A second legislative victory for gay rights was won as America's homophobic Don't Ask, Don't Tell law was again ruled unconstitutional. Despite the law's name, even if you're never asked and you never tell you can still lose your career in the military. That's what happened to Maj. Margaret Witt in 2006, whose case formed a legal precedent around DADT when Judge Ronald Leighton found her discharge legally binding. On Friday, however, "Judge Ronald Leighton ruled in favor of military nurse Maj. Margaret Witt, and said that she was constitutionally entitled to be reinstated to the military," Jean Williams reports.

"It has been an anti-noble lie that gays and lesbians are a threat to military morale," Williams writes, noting Leighton "looked into the case and focused on Maj. Witt’s individual record" instead of looking only at DADT myopically. Leighton's decision expressly opposes claims that gay service-members reduce unit morale or cohesion.

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AMERICABlog Gay: BREAKING: Judge rules DADT is unconstitutional

Posted: September 9th, 2010 | Author: | Filed under: Briefs | Tags: , , , , , , | No Comments »

U.S. District Court Judge Virginia A. Phillips today said the US military's "Don't Ask, Don't Tell" (DADT) policy has a "direct and deleterious effect" on military readiness after reviewing evidence in a 2 week long federal court case. Proving that the world is never black or white but shades of gray, the lawsuit was issued by the right-wing gay advocacy organization, the Log Cabin Republicans. Yes, the very same group whose Minnesota chapter distributed "Drill, Baby, Drill!" condoms in that state's Pride Parades. Good on them!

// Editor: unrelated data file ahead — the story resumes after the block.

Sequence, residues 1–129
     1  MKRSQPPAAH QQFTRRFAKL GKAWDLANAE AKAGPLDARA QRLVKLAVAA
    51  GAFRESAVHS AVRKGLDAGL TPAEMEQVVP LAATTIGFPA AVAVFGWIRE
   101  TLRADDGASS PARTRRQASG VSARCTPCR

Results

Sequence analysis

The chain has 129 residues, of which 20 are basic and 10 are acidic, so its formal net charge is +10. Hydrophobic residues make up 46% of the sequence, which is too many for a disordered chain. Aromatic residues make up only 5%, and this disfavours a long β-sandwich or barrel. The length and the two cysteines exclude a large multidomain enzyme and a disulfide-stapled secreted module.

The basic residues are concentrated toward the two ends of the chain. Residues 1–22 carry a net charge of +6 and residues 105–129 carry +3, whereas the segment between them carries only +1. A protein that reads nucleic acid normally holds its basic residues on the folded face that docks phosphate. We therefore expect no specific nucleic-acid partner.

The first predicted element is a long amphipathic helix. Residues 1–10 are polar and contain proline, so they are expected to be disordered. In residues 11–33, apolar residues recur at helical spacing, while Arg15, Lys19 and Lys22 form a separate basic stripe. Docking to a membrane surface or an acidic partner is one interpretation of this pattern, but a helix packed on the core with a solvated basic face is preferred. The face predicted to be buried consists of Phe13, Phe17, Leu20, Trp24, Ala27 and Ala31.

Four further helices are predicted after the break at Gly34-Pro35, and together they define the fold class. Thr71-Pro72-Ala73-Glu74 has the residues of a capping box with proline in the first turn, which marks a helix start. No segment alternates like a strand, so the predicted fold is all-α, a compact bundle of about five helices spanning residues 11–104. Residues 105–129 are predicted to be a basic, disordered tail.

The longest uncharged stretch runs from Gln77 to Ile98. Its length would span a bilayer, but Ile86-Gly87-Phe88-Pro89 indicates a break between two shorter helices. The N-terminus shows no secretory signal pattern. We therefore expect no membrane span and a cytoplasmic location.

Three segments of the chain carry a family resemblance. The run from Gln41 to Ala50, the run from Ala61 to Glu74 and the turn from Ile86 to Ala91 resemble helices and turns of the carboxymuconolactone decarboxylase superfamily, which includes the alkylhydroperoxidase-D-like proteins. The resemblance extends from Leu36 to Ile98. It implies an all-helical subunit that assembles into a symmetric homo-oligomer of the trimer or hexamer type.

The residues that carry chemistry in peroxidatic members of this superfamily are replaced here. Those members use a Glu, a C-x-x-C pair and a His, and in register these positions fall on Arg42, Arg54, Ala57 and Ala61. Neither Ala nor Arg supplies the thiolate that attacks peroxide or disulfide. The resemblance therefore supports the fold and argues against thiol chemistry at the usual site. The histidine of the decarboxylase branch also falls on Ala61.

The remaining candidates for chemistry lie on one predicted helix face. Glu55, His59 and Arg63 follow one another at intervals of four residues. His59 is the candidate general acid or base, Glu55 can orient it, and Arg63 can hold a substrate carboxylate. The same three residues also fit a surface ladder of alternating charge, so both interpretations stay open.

Judge Phillips' 86 page decision ruled DADT violated both the 1st and 5th amendments to the Constitution, citing the defendant's failure to meet the Witt standard. She also issued an immediate injunction halting its enforcement. The Department of Justice will have an opportunity to appeal.

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Apple Hides Prop 8 Tweets from Lady Gaga Promo Page for Ping (Screenshots)

Posted: September 2nd, 2010 | Author: | Filed under: Briefs | Tags: , , , , , , | No Comments »

Apple, Inc. recently launched a new social music service, Ping. Among the features it has is social media integration that lets you view celebrity Twitter streams. In the launch, "Apple's promotional image for the new feature conveniently omits a string of Tweets from Lady Gaga's timeline in which she protests anti-gay marriage legislation Proposition 8," writes Marshall Kirkpatrick after being tipped to the inconsistency by Kevin Marks (on Twitter).

"Apple, we see you," Violet Blue writes on her blog, chiding the company. GLBT sites like The Daily Storm called the service "homophobic" and say the omission is an act of censorship. Now, Apple's certainly not the most sex-positive company, but is this homophobic censorship? That seems harsh. Either way, the controversy clearly shows that Apple's anti-porn position is a slippery slope.